An international dimension

Sevenoaks School's first celebrated international student was Huang Ya Dong of Guangzhou who is thought to have attended for a short period in the eighteenth century. During the nineteenth century, Sevenoaks, like other public schools, numbered boys from other parts of the world among its scholars, largely from countries which were part of the British Empire.

A more diverse student body began to develop in the 1950s, when the Head, Kim Taylor, welcomed applications from international students seeking an education which would prepare them for British universities. Taylor believed that introducing a global spirit to Sevenoaks would benefit all students. The school opened its first international boarding house, the International Centre, in 1962 and we are now welcoming the grandchildren of some of our original IC boarders as students to the school. Among our students around 70 nationalities are represented, and many have dual or triple nationality.

Our global outlook is not just about a cosmopolitan student body, but delivering a truly international and diverse experience through the academic curriculum and co-curriculum

Our global outlook, however, is not just about a cosmopolitan student body, but delivering a truly international and diverse experience which includes immersion in other cultures and languages through the academic curriculum, trips, co-curriculum and community service activities, so that students become comfortable and adept in a global environment. We offer a rich and varied set of modern language options, including bilingual language options, and organise over 50 overseas trips each year. Many of our language teachers are native speakers and bring an element of cultural diversity and an international perspective to the common room. The school is involved in several international service projects. We also work with partner schools, not only on language exchanges but with touring theatre productions and in IB projects.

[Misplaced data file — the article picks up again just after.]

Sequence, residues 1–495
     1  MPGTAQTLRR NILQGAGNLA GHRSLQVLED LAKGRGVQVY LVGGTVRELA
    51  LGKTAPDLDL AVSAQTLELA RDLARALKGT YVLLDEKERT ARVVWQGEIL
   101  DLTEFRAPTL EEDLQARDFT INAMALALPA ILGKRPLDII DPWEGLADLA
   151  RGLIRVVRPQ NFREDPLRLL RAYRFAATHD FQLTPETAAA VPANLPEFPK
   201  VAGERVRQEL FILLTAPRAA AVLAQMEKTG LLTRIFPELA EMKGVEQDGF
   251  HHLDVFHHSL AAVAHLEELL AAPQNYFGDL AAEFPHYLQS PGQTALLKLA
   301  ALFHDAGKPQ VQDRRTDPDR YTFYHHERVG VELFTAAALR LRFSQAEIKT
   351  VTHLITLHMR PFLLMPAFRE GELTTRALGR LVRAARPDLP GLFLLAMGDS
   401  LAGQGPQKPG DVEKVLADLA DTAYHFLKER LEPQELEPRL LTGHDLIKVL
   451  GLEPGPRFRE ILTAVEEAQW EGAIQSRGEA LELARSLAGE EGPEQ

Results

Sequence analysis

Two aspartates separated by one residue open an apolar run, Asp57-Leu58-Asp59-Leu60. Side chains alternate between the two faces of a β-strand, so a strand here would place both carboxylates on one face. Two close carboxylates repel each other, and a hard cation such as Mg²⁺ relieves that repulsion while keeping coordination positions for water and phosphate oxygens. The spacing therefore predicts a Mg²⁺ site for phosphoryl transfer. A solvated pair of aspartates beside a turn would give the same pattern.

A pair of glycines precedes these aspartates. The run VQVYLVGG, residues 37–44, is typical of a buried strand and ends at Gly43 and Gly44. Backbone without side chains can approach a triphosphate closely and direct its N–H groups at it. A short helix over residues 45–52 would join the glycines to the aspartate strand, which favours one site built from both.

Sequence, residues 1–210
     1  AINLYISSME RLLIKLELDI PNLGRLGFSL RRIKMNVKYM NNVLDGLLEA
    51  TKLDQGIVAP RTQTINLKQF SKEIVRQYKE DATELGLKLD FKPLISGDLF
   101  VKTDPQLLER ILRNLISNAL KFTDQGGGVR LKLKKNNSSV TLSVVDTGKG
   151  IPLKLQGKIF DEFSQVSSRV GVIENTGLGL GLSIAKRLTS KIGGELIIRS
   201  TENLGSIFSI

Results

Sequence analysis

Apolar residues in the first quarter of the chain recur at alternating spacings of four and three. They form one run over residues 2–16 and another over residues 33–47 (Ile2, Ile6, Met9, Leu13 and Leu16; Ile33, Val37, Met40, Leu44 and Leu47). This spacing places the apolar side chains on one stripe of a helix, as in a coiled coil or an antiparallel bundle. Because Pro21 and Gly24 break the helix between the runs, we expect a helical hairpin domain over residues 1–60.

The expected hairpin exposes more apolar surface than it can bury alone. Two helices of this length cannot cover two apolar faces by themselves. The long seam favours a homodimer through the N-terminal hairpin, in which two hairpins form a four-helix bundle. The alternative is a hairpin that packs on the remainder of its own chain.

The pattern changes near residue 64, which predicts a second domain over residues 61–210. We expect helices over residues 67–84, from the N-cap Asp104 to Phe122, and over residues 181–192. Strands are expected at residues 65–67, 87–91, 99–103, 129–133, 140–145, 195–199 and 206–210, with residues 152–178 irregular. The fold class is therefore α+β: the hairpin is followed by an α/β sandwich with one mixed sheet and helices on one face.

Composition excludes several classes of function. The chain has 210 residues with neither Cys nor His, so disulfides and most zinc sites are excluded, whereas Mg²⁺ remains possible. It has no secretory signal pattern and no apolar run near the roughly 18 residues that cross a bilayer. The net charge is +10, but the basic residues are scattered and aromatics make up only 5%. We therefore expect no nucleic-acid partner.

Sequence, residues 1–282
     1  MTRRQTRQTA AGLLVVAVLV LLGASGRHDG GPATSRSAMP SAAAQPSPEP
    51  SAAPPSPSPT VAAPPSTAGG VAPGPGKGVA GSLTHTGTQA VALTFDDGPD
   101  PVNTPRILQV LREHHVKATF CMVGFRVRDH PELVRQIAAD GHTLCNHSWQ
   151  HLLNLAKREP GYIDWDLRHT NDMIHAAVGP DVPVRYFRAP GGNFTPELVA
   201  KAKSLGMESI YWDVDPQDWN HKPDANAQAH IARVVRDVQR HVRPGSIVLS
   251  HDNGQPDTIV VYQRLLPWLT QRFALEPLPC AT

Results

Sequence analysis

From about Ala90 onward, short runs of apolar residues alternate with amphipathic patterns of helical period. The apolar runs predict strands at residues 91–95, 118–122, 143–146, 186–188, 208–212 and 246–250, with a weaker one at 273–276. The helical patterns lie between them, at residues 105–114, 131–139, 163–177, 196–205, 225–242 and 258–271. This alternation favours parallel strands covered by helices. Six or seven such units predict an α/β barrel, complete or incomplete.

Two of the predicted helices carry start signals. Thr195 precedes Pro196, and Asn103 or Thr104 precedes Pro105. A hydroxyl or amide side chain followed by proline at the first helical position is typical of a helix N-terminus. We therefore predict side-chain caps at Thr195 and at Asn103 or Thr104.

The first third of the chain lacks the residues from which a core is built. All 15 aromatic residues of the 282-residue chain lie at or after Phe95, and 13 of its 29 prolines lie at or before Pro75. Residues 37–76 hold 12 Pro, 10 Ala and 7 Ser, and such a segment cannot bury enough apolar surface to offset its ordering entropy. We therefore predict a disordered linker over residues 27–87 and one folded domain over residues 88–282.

Sevenoaks adopted the IB Diploma in 1978 – the first traditional British public school to do so – and the Sixth Form became fully IB from 1999. The International Baccalaureate focuses on developing an understanding and respect for different perspectives, and is a truly global education.

We seek to provide an holistic education with a commitment to human rights, equality and freedom. As an IB school we aim to foster in our students the ten attributes of the IB learner profile. The attributes include being principled, open-minded and caring. Our academic curriculum, PSHE and pastoral programmes provide opportunities for students to develop understanding of themselves and others, learning to respect and value each individual.

We are non-denominational. The school has no chapel and we prefer to foster respect and tolerance for all beliefs. We focus on moral education in our assemblies.

We aim to value and make productive use of the diversity of cultures and perspectives that exist within the school, to enhance learning through internationalism, to promote openness to and curiosity about other perspectives and to provide students with opportunities to learn about issues of global significance.